SOURCE: Greentech Media, Inc.

Greentech Media and GTM Research

October 07, 2009 07:00 ET

China's Solar Footprint Could Grow Tenfold Through Policies, Low Prices, According to New Report From Greentech Media

CAMBRIDGE, MA--(Marketwire - October 7, 2009) - Demand for solar panels inside of China could explode over the next three years, presenting an opportunity for investors and select international partners, according to a new report from GTM Research, the market research arm of Greentech Media.

China has a cumulative installed base of 140 megawatts of PV. By 2012, the report forecasts growth reaching 1.4 gigawatts to 2.6 gigawatts, driven by new state policies like the Golden Sun program that can cover 50 to 70 percent of the cost of solar systems, according to two authors, China-based Matt Miller and Matthiah Larkin.

During the same period, the full price of a solar system installed will drop from $2.82 in 2009 to $2.18, lower than in the U.S. or Europe because of lower prices for labor, inverters and other factors. In the West, panels sell for approximately $2 a watt. In China, a panel now sells for $1.57 a watt.

By 2020, the cumulative installed PV base could grow to 10 gigawatts. As early as 2007 Chinese industry officials had aimed for 300 megawatts by 2012 and 1.8 gigawatts by 2020.

The shift to solar could help deflect criticism internationally and more importantly de-escalate ongoing conflicts over coal mining and pollution in various provinces, but the main driver in the shift to solar is a concern over jobs. The country exports more than 95 percent of its solar panels. The global recession, however, has stoked fears that demand from Spain, Germany and the U.S. could drop.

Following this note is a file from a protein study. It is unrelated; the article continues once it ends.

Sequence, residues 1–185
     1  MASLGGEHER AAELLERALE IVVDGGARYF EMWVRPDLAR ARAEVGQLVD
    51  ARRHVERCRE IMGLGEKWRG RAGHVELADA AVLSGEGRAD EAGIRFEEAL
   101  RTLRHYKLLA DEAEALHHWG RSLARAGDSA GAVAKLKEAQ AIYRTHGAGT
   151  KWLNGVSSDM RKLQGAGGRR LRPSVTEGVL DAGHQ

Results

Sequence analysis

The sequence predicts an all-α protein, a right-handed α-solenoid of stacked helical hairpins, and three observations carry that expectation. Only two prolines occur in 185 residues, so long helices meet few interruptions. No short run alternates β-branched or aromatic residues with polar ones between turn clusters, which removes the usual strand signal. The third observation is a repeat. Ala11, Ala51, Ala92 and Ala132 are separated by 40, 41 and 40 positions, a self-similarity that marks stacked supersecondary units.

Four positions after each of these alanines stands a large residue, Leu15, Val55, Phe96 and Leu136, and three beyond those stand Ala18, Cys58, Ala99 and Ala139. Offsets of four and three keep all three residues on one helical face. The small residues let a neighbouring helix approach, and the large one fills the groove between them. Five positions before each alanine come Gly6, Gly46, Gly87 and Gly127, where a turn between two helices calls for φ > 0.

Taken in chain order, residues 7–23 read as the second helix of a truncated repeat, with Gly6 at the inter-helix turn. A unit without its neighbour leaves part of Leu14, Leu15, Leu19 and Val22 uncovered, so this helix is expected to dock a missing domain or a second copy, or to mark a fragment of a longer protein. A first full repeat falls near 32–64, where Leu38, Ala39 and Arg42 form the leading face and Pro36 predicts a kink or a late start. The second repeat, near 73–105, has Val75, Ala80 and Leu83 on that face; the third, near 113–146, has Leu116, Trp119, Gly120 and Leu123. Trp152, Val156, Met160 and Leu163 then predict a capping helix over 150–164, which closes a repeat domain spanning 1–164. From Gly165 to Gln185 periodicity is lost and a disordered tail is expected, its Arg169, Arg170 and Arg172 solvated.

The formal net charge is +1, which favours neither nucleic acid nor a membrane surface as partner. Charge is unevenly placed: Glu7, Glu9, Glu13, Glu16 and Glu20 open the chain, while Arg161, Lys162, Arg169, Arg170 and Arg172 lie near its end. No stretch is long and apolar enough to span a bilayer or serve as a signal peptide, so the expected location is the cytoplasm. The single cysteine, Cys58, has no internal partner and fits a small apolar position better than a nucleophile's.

During the same period, the solar manufacturing footprint will grow from 5.6 gigawatts of capacity in 2009 to 8.1 gigawatts in 2012. In 2005, China had a production capacity of 400 megawatts and a cumulative installed base of 70 megawatts.

"Growth is likely to be lumpy and uneven, as bottlenecks will inevitably arise in the project approval and funding disbursement process," states the report. "There are many political layers involved (local government, provincial DRC, NDRC, and the Ministry of Finance, at a minimum), and because application volume will be extremely high."

The report, based on dozens of on-site visits to industry officials, policy makers and installation sites, offers a detailed look at China's power industry and policies over the last three decades, and how they could shape the country's solar energy development.

See the summary and download a free executive report at:

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